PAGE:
Here’s an example of how two salespeople (let’s call them Kim and Jack) from the same company calling on the same types of customers can have such different selling experiences. One has highly profitable sales, the other does not. And it comes down to their pricing, which is at opposite ends of the spectrum.
Kim’s projects nearly always come in on the low end of the range. She typically quotes far less planning time, travel and implementation costs than her projects actually require. She’s concerned about her prospects’ budgets and feels squeamish asking for so much money. Her clients are always asking her to reduce her costs.
On the other hand, Jack’s projects are usually the highest priced in the company. He has no qualms asking for what he feels is a reasonable fee for what needs to get done. And he often pads the budget a bit to cover requests that might expand a project’s scope. His clients never blink when they see the price.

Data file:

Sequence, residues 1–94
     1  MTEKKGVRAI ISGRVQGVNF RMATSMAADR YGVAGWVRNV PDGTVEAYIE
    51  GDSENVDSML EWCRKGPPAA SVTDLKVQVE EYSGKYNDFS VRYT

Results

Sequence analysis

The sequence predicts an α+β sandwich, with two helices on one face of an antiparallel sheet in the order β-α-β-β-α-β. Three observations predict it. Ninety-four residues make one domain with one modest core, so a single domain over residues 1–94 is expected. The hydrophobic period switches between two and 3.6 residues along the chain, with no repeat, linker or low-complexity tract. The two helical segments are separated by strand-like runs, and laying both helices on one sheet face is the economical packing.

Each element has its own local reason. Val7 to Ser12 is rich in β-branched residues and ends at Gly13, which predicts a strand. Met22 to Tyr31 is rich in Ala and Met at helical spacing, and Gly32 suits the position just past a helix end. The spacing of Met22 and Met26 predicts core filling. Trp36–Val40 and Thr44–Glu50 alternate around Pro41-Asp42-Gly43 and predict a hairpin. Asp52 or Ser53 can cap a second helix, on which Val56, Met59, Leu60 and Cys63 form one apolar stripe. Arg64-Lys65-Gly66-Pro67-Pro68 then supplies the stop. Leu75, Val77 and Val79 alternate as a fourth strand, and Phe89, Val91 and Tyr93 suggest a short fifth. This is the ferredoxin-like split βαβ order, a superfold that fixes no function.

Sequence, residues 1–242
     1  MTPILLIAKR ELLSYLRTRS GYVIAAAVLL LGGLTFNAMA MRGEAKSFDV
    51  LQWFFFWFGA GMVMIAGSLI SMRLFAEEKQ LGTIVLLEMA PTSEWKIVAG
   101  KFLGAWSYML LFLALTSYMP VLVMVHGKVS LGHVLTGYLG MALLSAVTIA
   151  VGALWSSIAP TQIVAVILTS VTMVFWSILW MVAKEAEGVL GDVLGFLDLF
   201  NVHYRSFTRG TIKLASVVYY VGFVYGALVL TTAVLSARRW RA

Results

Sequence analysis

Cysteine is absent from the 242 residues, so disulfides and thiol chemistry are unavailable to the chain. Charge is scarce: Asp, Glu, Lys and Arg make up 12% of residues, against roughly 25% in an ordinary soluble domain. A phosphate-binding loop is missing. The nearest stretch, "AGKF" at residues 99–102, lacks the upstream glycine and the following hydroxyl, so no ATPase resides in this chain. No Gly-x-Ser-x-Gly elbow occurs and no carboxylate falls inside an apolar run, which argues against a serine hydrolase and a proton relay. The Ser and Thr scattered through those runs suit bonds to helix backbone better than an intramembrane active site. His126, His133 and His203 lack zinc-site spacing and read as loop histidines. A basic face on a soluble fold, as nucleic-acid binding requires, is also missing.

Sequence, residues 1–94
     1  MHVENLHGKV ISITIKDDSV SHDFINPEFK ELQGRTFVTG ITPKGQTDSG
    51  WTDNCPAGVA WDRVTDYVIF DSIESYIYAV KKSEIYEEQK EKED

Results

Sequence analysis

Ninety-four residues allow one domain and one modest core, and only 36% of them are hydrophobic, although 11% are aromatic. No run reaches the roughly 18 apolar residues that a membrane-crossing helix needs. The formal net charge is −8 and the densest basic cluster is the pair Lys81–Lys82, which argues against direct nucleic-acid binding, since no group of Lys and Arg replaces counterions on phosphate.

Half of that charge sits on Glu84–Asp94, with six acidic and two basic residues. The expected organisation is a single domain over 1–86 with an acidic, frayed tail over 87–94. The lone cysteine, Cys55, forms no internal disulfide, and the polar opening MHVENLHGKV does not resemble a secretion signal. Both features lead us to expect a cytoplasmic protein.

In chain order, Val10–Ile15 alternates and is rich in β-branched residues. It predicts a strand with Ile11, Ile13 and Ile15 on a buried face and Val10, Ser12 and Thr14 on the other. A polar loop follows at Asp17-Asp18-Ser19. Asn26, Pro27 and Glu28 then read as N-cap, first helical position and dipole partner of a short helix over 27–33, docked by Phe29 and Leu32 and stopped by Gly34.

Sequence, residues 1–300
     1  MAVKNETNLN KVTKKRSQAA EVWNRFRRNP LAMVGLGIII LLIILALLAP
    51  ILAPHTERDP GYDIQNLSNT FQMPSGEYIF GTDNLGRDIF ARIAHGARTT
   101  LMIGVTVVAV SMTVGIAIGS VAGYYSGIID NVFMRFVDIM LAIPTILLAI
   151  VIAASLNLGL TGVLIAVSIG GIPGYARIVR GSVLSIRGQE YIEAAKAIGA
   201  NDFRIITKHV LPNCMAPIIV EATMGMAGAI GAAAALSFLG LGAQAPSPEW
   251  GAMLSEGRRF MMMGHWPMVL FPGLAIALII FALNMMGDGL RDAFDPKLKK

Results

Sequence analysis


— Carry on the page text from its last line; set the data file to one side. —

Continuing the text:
So why is there such a difference in these two experiences? Kim truly doesn’t understand the business value of her work. She just knows it costs a whole lot for her services and wants to be a worthy steward of her clients’ budgets.
Jack feels entirely differently. Over the years, he’s seen the impact his work has had on his clients’ sales. He knows that what he is asking is a pittance compared to the value his clients receive. And, because he knows that, he can confidently ask for more.
If you’re struggling with pricing, I suggest you invest some time researching the business value you provide to your clients. It’ll give you the confidence you need to win those highly profitable sales.
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Jill Konrath is the author of SNAP Selling and Selling to Big Companies. If you’re struggling to set up meetings, click here to get a free Prospecting Tool Kit.